There are plenty of stories these days about the excitement in our town over the World Cup. If you frequent establishments that sell beer and have televisions, you probably already know that.
You could resist, but why? It’s fun, and it’s global. If our lads should advance to the next round of the world’s biggest tournament, scream it loud and proud: USA! USA!!
There have been predictions for as long as I can remember that one day — honest, no kidding, we mean it — soccer was going to be really, really big in this country.
Fans of what Pele called “the beautiful game” have held tightly to that belief for years, even as what my son once called “American football” grew to gargantuan proportions. However, I submit to you that soccer’s true believers were correct, and not just because we’re all pumped with national pride over that tournament in Brazil.
It is generally agreed that soccer interest is at an all-time high in this country, and the long-term trends look even better. Check back in 20 years to see what place soccer holds in America’s sports hierarchy. I think you might be surprised.
By then, the National Football League may have had its underpinnings rocked by concussion- and injury-related lawsuits. The league faces potential damages in the billions over alleged cover-ups, and it looks like parents are becoming increasingly jittery about allowing their children to play the game.
Late last year, a story about a 9.5 percent drop in Pop Warner youth football participation from 2010-12 drew a lot of attention. The organization said the main reason for the decrease was concern about head injuries.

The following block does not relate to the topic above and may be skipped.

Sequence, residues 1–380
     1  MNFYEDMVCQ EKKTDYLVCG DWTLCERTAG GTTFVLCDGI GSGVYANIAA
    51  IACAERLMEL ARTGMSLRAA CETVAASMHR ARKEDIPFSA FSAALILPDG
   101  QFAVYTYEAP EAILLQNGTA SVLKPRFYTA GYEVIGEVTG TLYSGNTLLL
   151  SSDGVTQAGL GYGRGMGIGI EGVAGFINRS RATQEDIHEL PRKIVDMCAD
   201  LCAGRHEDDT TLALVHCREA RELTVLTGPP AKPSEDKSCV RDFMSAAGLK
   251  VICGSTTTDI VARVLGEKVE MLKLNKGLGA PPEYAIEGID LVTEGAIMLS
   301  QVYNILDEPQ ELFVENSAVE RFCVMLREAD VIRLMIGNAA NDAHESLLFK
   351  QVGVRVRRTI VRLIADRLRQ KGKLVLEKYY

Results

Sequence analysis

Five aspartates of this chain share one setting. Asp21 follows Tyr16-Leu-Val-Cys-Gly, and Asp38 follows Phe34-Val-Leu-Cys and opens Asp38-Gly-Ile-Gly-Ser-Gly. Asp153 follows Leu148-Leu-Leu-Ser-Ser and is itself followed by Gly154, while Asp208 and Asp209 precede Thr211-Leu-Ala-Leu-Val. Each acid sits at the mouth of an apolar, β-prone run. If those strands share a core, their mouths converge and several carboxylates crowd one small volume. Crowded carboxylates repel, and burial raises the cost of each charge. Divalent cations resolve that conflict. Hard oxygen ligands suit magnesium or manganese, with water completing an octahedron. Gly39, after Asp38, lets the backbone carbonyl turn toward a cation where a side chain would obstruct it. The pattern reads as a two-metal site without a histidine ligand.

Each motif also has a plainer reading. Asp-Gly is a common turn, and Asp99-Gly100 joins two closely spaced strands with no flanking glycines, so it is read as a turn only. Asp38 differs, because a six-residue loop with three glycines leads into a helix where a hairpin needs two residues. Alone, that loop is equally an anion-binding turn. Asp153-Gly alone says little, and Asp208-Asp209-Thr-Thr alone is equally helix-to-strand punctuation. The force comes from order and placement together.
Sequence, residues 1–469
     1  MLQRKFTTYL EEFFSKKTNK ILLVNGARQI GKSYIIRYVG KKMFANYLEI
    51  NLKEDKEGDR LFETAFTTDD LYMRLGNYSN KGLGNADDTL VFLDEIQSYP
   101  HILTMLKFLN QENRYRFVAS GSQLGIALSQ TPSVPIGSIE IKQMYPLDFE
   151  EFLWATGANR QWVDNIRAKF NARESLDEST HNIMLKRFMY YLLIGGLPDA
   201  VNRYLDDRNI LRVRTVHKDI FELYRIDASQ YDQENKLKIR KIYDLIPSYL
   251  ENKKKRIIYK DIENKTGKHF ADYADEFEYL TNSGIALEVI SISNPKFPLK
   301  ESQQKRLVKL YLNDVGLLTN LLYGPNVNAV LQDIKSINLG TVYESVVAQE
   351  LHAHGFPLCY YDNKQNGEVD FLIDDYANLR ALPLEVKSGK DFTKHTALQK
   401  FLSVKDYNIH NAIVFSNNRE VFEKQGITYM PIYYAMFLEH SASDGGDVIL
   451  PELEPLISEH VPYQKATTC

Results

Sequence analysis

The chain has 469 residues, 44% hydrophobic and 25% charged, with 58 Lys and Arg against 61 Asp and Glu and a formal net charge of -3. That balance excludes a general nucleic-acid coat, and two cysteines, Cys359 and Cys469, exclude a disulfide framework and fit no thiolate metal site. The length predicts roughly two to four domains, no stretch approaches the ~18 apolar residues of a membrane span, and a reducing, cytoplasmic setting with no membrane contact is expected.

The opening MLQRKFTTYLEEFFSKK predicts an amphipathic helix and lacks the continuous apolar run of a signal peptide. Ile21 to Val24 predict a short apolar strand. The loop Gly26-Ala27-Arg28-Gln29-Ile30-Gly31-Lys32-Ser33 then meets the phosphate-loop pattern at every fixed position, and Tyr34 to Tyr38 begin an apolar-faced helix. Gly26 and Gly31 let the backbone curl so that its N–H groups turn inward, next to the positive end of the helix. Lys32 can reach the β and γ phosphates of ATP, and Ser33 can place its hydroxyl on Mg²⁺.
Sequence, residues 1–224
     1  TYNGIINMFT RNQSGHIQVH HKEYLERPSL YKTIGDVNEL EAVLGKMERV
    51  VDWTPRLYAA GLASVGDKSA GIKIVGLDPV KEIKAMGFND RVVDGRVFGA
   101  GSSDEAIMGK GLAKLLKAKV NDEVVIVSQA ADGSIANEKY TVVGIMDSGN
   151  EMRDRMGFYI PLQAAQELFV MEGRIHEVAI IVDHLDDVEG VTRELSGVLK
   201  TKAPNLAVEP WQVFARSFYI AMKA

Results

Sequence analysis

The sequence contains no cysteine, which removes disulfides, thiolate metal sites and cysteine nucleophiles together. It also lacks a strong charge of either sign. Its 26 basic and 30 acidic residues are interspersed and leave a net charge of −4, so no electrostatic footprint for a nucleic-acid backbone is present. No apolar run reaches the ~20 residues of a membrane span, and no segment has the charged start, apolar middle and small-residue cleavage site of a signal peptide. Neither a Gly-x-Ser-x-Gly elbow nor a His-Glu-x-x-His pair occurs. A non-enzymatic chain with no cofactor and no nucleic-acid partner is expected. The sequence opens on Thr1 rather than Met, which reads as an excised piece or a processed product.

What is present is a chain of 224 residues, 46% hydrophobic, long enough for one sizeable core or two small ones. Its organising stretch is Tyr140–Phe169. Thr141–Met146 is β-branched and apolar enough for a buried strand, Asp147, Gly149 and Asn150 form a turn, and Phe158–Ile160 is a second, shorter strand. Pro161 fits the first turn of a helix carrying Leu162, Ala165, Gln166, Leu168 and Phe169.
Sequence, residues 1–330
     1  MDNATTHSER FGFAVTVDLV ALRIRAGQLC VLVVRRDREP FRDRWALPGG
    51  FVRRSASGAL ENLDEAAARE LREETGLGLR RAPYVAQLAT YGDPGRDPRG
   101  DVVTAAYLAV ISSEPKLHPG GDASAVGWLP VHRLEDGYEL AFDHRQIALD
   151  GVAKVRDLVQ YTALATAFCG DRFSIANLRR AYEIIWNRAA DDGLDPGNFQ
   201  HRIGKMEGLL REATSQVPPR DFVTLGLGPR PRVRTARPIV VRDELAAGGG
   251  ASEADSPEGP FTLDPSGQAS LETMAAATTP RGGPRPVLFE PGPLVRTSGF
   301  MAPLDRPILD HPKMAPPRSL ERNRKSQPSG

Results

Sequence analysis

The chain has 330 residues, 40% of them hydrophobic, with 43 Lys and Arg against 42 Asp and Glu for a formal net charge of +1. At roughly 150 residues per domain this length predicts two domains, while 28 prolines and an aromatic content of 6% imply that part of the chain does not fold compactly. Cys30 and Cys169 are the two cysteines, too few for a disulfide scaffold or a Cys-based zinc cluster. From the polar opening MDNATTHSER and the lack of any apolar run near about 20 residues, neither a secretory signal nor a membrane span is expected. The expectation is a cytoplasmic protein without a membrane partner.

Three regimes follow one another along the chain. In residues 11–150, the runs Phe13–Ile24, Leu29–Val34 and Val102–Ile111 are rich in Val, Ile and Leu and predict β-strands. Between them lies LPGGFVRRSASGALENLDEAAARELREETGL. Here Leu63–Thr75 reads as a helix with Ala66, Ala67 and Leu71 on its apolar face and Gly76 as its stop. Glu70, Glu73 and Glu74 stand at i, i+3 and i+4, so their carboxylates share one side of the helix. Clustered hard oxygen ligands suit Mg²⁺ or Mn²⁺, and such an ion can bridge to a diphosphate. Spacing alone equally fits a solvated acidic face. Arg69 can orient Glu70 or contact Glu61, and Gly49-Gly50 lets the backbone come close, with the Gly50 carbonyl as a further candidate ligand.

But, you say, there is always college football. Later this year, the Southeastern Conference will launch its own TV network, joining The Big Ten and others cashing in on the insatiable demand for sports programming. Obviously, football is the draw.
Like we said, though, let’s see what it’s like in 20 years after the NCAA dies from strangulation by its own red tape and college football programs are all unionized.
Take a deep breath.
I am not predicting the death of pro or college football.
I am not even saying soccer will completely fill whatever space is created if the audiences for football or Major League Baseball start to look elsewhere. I mean, the fastest-growing sport in the nation right now is lacrosse. Read into that what you will.
I am saying that the window is opening wider in this country for soccer to become what people predicted it could be.
A lot of that was based on the number of kids playing the sport. According to usyouthsoccer.org, that number grew from about 103,000 registered players in 1974 to more than 3 million by 2000. It has stayed at about that number ever since.
People said soccer would grow here when those 1970s kids grew into adults. Well, a lot of them are grandparents now. They played, their kids played, and now their grand kids are playing.
We now have multiple generations raised on a fast, physical game where all the equipment one needs is a ball and a pair of shoes. Television ratings for the early Cup games here have been strong, and U.S. jerseys are flying off store shelves.
That doesn’t mean we’ll stop watching football this fall.
That doesn’t mean we’ll stop wondering if the Rays can get their season straightened out.
Maybe, though, it means the people who said soccer was going to hit it big here one day were right. That day has arrived.
If you need more proof, just see what happens at your local sports pub if you ask the barkeeper to change the channel from the soccer game, no matter what teams are playing.
Better yet, don’t.